In this context, Rubio proposes that in order to win the fight against cash, it is essential to take into account a series of factors that, if applied correctly, could lower the percentage of its use in the country, in addition to promoting financial inclusion.

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He states that the first thing to do is to understand the benefits of pocket money. He points out that it is necessary to accept everywhere the possibility of paying with digital money and to eliminate restrictions that prevent the immediate use of money, such as transactions from one bank to another that usually take about 24 hours, as well as charges for this type of transactions.

“Those are features that must be matched, so that banking solutions allow people to do everything with their digital money as cash allows, in addition to providing alternatives that cannot be done with cash, such as buying online; that option is given by digital wallets,” he said.

To that, he added that the coming competitors are technology-based and market disruptors, this means that they are companies that take advantage of technology to offer their services and with a business system that charges or monetizes through third parties or data, helping the democratization of financial services. A panorama of this that should not go under the table is that giants such as Google, Amazon or Facebook, have already designed or launched fully digital financial solutions without charging users.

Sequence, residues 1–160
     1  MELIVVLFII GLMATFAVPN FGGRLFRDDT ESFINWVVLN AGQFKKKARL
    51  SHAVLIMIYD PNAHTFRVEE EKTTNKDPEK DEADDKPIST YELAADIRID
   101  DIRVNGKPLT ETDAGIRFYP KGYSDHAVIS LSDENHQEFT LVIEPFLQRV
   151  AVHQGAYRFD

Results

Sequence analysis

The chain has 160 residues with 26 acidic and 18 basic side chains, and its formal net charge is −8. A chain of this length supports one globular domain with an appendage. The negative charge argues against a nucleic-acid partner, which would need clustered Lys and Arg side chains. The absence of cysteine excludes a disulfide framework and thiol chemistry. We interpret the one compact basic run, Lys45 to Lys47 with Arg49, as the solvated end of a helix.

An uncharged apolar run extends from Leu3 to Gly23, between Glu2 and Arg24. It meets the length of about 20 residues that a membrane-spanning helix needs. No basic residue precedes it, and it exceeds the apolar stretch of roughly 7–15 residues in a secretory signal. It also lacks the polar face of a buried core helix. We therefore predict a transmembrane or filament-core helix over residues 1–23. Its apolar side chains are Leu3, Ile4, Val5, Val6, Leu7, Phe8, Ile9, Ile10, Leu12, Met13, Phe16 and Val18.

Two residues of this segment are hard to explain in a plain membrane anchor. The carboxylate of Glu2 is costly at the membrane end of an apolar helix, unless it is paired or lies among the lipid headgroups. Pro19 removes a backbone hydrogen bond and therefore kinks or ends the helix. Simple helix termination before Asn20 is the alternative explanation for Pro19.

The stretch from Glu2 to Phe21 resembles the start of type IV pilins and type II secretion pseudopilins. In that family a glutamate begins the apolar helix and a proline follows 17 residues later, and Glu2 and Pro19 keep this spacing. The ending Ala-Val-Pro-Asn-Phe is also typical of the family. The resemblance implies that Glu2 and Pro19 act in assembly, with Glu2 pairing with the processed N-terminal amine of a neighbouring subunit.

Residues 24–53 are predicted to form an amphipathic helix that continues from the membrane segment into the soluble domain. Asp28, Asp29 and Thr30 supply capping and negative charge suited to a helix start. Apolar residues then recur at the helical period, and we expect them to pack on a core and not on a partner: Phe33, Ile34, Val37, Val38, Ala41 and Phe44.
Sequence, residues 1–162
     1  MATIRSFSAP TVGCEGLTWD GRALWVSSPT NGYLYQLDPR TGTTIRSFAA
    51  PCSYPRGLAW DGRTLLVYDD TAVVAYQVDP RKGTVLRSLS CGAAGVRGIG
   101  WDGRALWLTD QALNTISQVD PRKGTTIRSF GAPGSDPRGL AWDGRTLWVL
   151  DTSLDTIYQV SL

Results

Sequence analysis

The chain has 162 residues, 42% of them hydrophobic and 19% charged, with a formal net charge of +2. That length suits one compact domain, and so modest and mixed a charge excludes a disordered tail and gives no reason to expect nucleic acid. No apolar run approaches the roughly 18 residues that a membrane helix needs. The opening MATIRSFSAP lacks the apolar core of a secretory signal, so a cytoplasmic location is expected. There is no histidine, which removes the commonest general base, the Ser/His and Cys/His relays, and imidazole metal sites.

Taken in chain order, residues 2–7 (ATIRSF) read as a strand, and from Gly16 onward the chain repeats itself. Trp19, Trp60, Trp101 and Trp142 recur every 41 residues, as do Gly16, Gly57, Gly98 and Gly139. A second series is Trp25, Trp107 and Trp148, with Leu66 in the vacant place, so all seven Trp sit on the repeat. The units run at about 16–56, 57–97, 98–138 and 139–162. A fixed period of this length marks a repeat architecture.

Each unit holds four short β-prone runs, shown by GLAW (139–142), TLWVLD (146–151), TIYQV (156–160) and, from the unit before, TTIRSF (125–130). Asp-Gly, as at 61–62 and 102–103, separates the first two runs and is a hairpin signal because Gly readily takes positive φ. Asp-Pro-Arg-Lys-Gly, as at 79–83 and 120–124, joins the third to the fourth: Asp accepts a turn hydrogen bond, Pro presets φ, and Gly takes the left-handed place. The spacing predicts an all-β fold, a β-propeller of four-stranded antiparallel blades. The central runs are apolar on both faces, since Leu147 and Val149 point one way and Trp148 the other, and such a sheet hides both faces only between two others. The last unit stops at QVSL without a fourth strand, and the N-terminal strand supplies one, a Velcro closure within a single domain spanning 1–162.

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(Featured image by AhmadArdity via Pixabay)

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First published in Semana, a third-party contributor translated and adapted the article from the original. In case of discrepancy, the original will prevail.

Although we made reasonable efforts to provide accurate translations, some parts may be incorrect. Born2Invest assumes no responsibility for errors, omissions or ambiguities in the translations provided on this website. Any person or entity relying on translated content does so at their own risk. Born2Invest is not responsible for losses caused by such reliance on the accuracy or reliability of translated information. If you wish to report an error or inaccuracy in the translation, we encourage you to contact us.

Desmond O’Flynn believes in minimalism and the power of beer. As a young reporter for some of the largest national publications, he has lived in the world of finance and investing for nearly three decades. He has since included world politics and the global economy in his portfolio. He also writes about entrepreneurs and small businesses, as well as innovation in fintech, gambling, and cannabis industries.